Why YouTube took down Arise News livestream feed for a few hours

by | Oct 22, 2020

Google has apparently taken down the YouTube live feed for popular media house, Arise News, following their coverage of the shooting of unarmed protesters in the Lekki area of Lagos Nigeria.

Arise News is a media house with bases in London, Johannesburg, and Lagos, but with a strong focus on reporting events from the African content.

On October 20, multiple eyewitness reports showed members of the Nigerian Armed forces firing at unarmed protesters at the Lekki Tollgate in Lagos, but several news media were seemingly inconsistent in their coverage.

The following day, Arise News went to the scene and started a live broadcast which aired on various platforms like DStv channel 416, YouTube, Twitter, and the Arise TV website.

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For a large number of users of social media, Arise TV has been one of the few news media companies in Nigeria bringing factual coverage of the events to the majority of Nigerians at home and abroad watching on TV and online.

https://twitter.com/LifeofPegasus/status/1318950265517690881

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Having a widely trusted news source is especially important considering that a lot of information — both genuine and questionable — has been making the rounds on social media and on traditional news outlets.

In baffling circumstances, Facebook and Instagram flagged content about the Lekki massacre as fake news. The reason for the takedown of Arise News’ live YouTube feed still raises some questions.

Google’s terms of service state that content might be taken down if it, “Would cause harm to any user, other third parties, YouTube, or our Affiliates.” 

However, Techpoint Africa can confirm that the live feed on YouTube has been taken down for alleged copyright violations.

“This was due to copyright infringements on the live stream because of the music stings in the programmes. We can’t upload on YouTube for a week,” says a source at Arise News.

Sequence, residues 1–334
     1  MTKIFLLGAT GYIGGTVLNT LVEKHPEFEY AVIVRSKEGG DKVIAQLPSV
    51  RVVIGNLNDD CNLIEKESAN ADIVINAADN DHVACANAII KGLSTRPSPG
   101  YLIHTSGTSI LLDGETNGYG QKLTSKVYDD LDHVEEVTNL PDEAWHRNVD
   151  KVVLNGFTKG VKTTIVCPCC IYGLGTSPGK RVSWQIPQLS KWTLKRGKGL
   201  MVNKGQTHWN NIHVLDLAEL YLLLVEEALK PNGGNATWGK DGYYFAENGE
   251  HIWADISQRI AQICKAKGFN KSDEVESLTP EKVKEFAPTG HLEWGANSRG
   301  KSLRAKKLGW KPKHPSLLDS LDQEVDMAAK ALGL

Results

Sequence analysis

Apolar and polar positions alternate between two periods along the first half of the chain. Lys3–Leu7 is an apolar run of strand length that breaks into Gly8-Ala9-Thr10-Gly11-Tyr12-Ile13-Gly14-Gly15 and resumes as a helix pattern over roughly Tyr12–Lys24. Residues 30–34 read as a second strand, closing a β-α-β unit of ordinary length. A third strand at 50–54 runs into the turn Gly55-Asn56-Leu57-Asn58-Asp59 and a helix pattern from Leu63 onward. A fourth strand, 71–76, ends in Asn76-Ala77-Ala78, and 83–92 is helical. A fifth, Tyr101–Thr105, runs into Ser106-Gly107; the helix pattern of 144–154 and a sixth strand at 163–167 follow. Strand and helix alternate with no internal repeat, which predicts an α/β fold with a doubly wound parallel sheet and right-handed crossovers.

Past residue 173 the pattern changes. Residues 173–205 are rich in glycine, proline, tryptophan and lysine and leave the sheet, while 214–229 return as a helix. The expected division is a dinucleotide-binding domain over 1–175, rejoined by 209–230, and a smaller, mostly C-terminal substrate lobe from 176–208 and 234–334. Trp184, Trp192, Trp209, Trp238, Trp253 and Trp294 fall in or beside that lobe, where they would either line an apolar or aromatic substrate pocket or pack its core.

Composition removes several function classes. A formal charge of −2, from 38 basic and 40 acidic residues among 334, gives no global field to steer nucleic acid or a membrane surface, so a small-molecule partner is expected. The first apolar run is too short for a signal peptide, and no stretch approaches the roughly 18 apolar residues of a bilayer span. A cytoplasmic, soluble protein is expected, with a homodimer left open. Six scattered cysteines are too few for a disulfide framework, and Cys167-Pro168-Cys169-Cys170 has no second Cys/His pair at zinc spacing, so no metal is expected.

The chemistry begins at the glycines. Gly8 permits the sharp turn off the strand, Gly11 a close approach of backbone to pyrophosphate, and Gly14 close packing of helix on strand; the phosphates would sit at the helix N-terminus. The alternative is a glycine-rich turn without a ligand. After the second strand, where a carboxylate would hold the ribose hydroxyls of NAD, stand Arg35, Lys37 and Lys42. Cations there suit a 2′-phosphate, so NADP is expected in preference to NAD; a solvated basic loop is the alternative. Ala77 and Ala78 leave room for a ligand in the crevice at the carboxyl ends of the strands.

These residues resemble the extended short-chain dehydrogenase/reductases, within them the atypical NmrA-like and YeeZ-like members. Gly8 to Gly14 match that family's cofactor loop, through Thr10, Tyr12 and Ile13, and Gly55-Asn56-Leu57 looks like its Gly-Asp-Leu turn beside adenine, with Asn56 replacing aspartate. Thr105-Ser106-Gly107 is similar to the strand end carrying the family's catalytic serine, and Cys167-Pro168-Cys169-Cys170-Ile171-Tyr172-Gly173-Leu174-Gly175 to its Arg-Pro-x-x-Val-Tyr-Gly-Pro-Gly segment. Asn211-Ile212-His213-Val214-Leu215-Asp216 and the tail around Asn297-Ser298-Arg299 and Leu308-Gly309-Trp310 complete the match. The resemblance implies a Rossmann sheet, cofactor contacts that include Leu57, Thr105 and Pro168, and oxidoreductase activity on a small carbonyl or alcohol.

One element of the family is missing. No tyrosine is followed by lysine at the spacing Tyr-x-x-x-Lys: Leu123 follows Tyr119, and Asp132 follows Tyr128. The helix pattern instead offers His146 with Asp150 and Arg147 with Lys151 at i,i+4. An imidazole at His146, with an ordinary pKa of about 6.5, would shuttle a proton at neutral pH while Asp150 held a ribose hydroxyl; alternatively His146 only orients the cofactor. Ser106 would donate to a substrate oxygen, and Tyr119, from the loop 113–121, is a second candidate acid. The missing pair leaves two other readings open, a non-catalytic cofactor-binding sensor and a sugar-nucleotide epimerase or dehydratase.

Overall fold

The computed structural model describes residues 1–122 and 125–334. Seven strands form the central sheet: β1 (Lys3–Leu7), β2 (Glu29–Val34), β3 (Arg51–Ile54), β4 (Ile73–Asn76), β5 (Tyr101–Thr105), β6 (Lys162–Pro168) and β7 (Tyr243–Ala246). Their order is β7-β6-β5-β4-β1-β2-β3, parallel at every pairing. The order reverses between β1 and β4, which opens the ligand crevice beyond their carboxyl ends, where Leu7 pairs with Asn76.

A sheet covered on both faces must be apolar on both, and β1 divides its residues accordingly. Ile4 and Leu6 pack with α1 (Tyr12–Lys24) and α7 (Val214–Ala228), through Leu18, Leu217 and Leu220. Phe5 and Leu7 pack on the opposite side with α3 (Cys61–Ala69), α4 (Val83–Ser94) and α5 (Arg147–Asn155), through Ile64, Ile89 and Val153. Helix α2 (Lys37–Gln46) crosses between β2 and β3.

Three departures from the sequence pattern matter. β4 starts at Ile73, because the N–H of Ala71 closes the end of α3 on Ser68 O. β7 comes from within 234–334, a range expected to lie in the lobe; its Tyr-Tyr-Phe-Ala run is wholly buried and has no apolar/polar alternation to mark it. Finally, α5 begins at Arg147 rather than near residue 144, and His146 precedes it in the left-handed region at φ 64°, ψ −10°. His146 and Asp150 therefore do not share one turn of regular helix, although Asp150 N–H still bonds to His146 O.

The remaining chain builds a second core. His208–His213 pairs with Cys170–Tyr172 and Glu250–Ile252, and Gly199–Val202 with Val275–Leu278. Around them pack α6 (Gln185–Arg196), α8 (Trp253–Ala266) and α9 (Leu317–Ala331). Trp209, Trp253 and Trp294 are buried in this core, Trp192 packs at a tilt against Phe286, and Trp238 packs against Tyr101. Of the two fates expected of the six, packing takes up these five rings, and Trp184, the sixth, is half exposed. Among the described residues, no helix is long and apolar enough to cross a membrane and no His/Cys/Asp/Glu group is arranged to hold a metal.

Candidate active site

arise youtube shot

A look at YouTube’s copyright policies shows that it allows any person who owns the copyright for any content to either block the video, monetise it or track its viewership.

However, on a case-by-case and a country-by-country basis, YouTube allows fair usage in works of commentary, criticism, research, teaching, or news reporting.

It is also worthy of note that Arise News’ music sting has been in use for quite some time, and Google’s AI had not flagged it for copyright infringement until they aired updates surrounding the Lekki massacre and ongoing protests to end police brutality.

The good news is, while the live feeds are unavailable on YouTube, they’re still accessible on the Arise News website, on Facebook and on Twitter. Though YouTube seems to be one of their most popular platforms, the last upload from the channel came at about 6 a.m. (WAT) on October 22.

Featured image Kelly Sikkema on Unsplash

UPDATE [October 22, 2020 at 7 p.m. WAT]: The Arise News YouTube livestream feed came back up at 4 p.m. (WAT); roughly an hour after press time, and about a week earlier than expected. The ability to upload videos has also been restored; new videos appeared at around the same time.

Headline has been updated to accurately reflect this

Emmanuel Paul
Emmanuel Paul

Writer and Narrator.  Tech, business and policies fills my head. Looking to chat? Catch up with me (@eruskkii) on Twitter or send a mail to emmanuel@techpoint.africa

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